Jail time for drug traffickers
Two men who arranged for cocaine to be transported to Kelowna back in 2008 have just been
sent to jail.
King Yung, 63, was sentenced to 3 and a half years of jail and Thanh Tran, 40, was sentenced to three years for trafficking one kilogram of cocaine.
Back in the summer of 2008, the court heard, Tran supplied and Yung bought cocaine, which was arranged to be transported from Vancouver to Kelowna by a third person.
On Aug. 21, 2008, police intercepted the courier en route to Kelowna and found one kilogram
of cocaine hidden inside one of the vehicle’s loudspeakers.
A later search of Yung’s Kelowna home turned up two digital weigh scales, paper and Ziploc
bags consistent with use for packaging cocaine, shotgun shells, a blackberry and a significant amount of cash.
That paraphernalia, said Justice Peter Rogers, suggested Yung was involved in the “retail distribution” of cocaine and that the drug activity he was arrested for may not have been a “one-time event.”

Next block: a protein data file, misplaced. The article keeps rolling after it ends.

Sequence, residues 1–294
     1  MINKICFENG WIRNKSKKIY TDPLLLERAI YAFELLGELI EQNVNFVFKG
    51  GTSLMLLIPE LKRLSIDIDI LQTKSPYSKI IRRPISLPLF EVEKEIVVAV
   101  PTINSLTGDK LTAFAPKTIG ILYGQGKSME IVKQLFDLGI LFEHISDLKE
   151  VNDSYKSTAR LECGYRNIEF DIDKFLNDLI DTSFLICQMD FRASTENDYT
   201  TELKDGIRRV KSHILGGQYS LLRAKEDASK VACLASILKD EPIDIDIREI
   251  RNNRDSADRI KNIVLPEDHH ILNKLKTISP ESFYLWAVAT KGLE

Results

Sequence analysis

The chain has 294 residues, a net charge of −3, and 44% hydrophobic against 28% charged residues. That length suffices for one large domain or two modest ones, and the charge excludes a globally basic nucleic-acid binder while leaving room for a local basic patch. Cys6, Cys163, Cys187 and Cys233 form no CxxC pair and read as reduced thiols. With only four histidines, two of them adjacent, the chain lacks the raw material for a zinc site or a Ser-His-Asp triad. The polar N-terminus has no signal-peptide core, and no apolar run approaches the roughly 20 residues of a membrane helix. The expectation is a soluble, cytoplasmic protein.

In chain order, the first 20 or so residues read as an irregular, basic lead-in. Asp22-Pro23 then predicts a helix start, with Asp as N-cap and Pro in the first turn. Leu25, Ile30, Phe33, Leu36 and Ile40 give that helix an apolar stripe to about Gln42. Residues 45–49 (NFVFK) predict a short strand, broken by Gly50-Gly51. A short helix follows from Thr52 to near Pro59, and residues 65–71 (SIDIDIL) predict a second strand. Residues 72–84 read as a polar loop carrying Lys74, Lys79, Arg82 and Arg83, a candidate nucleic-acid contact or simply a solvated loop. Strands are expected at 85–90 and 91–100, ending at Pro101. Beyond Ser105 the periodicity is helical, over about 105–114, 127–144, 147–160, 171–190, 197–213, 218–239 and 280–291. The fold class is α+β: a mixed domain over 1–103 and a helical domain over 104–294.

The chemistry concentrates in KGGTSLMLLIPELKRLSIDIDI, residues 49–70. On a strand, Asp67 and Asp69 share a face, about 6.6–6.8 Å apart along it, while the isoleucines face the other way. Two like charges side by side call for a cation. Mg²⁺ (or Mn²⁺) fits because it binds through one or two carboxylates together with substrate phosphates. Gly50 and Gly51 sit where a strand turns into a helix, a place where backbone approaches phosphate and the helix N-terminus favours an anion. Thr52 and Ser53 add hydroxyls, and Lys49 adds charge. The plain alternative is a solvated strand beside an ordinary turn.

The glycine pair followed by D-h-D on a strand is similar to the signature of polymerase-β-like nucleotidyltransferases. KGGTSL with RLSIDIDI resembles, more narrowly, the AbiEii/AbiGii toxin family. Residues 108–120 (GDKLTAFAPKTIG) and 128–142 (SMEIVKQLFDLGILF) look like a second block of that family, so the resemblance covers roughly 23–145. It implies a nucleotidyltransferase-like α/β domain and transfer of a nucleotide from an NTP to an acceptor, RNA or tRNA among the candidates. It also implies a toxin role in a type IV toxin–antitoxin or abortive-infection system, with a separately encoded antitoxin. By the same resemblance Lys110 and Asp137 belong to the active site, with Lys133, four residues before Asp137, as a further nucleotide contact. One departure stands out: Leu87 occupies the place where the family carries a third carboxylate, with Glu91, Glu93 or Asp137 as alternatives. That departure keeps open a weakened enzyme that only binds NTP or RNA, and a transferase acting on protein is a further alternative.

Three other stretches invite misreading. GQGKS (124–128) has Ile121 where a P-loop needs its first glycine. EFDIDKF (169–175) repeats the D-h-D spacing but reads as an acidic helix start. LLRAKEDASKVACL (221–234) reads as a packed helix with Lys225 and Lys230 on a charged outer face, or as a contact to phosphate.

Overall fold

It is possible, however, that this was Tran’s first into drug trafficking after running into financial problems, Rogers said.
And while the men have not otherwise lived a life of criminality, they “entered into the conspiracy with their eyes wide open,” said Rogers, adding they knew what they were doing was illegal.
Denunciation and general deterrence were major factors in sentencing, said Rogers.
“Cocaine is well-known and widely accepted to have a negative impact on society,” said Rogers, noting the drain on the health care, welfare and criminal justice system cocaine users can have. “Society, therefore, has a strong interest” in deterring drug trafficking.
Crown had asked for a five year jail term, while defence asked for less than two years, to be served conditionally in the community.
Rogers instead sentenced Yung to 3.5 years and Tran to three years, noting that Yung has not expressed a “great deal” of remorse, while Tran was found to be remorseful.
The men also face a 10 year weapons ban and Yung must forfeit what was seized by police from his home, with the exception of the cash. The Justice found the Crown had not proved beyond a reasonable doubt that the money was from criminal activity.